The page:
Transfer the pieces to a bowl of clean water to rinse, and a soft brush can be used to remove any remaining dirt. Dry them with a soft clean cloth and leave them out to dry for a day or so. They are now ready to use, although if you want to add shine to the sea glass (not the pottery) then you can add a little bit of baby or vegetable oil to the surface to get rid of the frosty look, then blot any excess oil off.

- Pebbles: Only take pebbles and smaller stones rather than larger rocks from beaches unless you have permission. If they're clean looking you can just wash them with water and detergent to remove sand etc from them, but if they have hard-to-remove marks or dirt on them you can use a diluted bleach mix as with the shells.

You can sometimes use a rock tumbler machine to get a shiny surface - some pebbles (that look more 'glassy') can be polished, whilst others can't. If you scratch a line in the stone and it's powdery then it can't be polished.

Good Tip: When you are down at the beach collecting bits 'n' pieces, you can do your good deed for the day by picking up any litter you see too - although don't pick up anything too unsanitary without gloves and a sealed bag...just stick with food packaging and the like!

Sand Dough Starfish

sand-dough-starfish
sand-dough-starfish

Photo and starfish by Dawn Buettner Huntington - Click here for a sand dough recipe.

Fun Shell Scenes

funny-shell-art
funny-shell-art

Photo and art by Doded1. Check out the rest of their Flickr photostream for more fun scenes, and click here for a slideshow of a shell character being created.

DIY Shell Door Curtain

shell-doorway-curtain-diy
shell-doorway-curtain-diy

Making a curtain for a doorway in your home would be a fun way to use up a lot of shells and create a seaside feel.

What You Will Need:

* Jewelry thread (such as Nymo) or some fishing line; it's best to use a thin cord/thread/string which is strong. You will need quite a few meters of it, although the exact amount depends on how many shells you will use, how big your doorway is and how many shell strings you want in your curtain.

* Lots of shells; if you don't have so many you will need to space them out more sparsely.

* Eye protection

* Dremel rotary tool with a diamond drill bit or a ceramic drill bit. Alternatively you can use an electric drill with a fine/small drill bit. The holes in the shells only need to be big enough to let the thread/string through.

* Scrap wood

* Small adjustable vice or clip (optional)

* Wooden rod; this can be a thin and narrow piece of driftwood, dowel, bamboo etc. You could use a plastic or metal rod instead if you wish, such as a curtain rod.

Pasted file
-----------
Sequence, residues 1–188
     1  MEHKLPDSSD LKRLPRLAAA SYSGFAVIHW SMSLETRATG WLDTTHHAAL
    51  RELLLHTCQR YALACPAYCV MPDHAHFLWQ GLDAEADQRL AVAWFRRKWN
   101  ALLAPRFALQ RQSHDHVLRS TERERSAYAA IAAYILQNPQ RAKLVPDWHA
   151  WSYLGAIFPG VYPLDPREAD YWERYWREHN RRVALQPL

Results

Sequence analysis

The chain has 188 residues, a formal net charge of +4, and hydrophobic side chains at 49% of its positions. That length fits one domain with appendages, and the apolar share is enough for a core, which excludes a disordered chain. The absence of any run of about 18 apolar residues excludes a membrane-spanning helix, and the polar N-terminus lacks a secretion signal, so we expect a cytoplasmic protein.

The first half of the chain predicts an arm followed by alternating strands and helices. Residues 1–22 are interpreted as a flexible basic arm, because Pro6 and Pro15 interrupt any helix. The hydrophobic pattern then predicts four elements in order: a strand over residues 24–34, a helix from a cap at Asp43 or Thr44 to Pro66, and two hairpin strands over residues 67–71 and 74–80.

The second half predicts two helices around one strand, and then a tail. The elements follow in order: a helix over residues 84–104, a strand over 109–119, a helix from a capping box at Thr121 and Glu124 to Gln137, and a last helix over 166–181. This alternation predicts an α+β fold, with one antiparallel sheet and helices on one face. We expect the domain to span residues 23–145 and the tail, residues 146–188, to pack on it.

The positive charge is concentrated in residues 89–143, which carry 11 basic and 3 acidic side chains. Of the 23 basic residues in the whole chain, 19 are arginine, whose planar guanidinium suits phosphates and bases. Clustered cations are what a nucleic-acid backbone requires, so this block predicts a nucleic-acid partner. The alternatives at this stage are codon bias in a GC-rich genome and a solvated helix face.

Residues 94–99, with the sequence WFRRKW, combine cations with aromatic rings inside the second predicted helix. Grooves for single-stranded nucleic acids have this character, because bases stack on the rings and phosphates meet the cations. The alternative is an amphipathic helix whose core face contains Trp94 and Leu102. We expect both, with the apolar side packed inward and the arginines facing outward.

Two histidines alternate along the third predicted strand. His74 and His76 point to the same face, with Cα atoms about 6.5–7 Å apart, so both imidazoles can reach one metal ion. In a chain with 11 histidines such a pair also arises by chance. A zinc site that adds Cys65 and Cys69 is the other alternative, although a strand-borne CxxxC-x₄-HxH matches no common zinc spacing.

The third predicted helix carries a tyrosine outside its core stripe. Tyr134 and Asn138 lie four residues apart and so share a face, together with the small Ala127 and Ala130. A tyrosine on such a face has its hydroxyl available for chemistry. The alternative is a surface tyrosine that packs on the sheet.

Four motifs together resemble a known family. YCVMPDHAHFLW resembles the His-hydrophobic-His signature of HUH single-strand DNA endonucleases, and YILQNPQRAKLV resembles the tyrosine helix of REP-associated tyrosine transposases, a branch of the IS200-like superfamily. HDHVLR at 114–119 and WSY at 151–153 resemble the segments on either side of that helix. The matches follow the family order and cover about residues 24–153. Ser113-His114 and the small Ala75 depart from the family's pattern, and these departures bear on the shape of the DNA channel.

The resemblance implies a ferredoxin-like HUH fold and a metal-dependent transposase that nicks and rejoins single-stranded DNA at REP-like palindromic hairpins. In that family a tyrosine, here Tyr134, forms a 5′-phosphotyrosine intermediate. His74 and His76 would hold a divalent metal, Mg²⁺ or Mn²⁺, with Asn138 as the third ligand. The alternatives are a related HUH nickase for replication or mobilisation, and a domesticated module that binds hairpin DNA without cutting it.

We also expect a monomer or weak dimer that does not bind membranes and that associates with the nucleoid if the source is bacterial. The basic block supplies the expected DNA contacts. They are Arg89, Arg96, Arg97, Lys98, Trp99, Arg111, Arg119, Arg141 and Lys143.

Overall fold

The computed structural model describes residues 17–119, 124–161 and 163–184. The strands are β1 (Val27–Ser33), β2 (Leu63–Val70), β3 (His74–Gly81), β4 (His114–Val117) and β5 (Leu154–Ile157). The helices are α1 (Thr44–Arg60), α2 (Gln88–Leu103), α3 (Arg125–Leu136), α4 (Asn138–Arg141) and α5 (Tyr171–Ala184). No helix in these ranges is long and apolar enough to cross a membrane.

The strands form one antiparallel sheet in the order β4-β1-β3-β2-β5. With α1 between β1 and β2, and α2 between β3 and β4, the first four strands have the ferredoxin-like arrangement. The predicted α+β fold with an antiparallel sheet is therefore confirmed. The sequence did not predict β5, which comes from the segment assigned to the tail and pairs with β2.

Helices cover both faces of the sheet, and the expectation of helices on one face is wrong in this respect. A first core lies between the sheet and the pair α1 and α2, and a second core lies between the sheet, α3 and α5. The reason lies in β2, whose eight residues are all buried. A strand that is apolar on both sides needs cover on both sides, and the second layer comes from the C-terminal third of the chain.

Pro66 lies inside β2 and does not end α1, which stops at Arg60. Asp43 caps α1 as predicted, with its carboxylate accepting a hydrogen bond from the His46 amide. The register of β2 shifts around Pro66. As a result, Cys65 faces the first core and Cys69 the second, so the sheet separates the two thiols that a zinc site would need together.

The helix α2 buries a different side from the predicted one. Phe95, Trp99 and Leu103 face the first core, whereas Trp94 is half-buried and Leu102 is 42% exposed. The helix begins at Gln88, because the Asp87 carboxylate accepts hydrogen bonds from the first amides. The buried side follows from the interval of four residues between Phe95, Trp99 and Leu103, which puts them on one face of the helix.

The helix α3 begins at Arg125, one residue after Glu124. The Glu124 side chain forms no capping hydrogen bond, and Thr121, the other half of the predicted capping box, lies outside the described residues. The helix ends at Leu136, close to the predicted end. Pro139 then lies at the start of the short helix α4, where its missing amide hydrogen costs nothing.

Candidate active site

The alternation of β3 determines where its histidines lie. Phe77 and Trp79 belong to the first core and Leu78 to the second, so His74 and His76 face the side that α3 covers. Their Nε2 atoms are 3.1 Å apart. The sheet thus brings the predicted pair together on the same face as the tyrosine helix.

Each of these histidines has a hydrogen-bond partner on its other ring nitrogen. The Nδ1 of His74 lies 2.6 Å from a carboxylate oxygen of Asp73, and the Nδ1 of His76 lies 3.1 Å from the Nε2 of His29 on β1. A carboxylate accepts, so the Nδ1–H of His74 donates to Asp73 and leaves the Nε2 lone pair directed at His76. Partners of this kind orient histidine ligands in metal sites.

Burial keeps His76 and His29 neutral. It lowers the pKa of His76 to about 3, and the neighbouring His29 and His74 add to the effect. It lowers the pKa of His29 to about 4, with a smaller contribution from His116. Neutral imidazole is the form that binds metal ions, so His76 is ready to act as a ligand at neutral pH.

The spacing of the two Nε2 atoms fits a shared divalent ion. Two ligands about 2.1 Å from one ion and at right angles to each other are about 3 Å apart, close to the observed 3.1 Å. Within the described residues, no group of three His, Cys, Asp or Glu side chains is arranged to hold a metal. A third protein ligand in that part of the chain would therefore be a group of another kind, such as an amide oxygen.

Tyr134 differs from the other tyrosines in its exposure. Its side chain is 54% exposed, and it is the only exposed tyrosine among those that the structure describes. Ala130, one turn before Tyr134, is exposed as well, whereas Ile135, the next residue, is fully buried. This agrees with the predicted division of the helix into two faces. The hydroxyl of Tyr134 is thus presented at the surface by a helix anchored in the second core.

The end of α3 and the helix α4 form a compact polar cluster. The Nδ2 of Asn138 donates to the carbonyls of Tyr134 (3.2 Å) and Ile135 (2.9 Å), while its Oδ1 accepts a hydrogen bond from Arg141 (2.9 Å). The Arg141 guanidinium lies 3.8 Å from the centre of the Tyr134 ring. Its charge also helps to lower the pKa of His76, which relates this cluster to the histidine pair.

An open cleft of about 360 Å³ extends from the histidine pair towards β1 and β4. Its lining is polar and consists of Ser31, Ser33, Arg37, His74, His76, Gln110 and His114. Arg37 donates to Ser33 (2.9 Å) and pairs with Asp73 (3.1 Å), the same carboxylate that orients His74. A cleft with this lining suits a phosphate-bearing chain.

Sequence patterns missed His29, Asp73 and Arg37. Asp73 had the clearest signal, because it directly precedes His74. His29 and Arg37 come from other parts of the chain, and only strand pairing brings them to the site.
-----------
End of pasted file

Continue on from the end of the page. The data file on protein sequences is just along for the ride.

* Tape measure

* Screw-in ceiling/wall hooks; these will need to be screwed in above your doorway in order to hold up the wooden rod. If the rod you want to use is bigger than the diameter of the hooks, you will need to use a different method, such as a tension rod or a curtain rod with matching wall brackets.


- The first step is to clean and dry the shells thoroughly.

- Next, you will need to drill a small hole in each shell. If you have a vice or a clip to hold the shell in place whilst you do this that would be handy, but otherwise you just have to hold it steady yourself and be careful. Wear eye protection and rest the shell on a piece of scrap wood to protect your work surface. Try and put the hole centrally on the shell, not too close to the edge. Practice on your least favorite shells first and only use very light pressure (if any) with the drill/Dremel so you are less likely to crack the shell.

- Measure the height and width of your doorway and decide how many strings you will need for the curtain. Then work out how many shells you will put on each string, and how far apart they will need to be. For example, you could want 20 strings with 10 shells on each, which means you'll require 200 shells - which is a lot!

When you are planning your design, line up your shells in rows so you know what order you want them in, and also decide if you want the shells in the same positions on every string, or you want a more random effect.

- Start stringing the shells onto the string/thread, following your design. It's up to you how you attach each shell, but I would simply thread the string through the hole and do a simple knot. I might put a drop of glue on each knot too just to secure it.

- When you've finished the strings, attach them individually to the rod, equally spacing them apart. There are 3 options for this: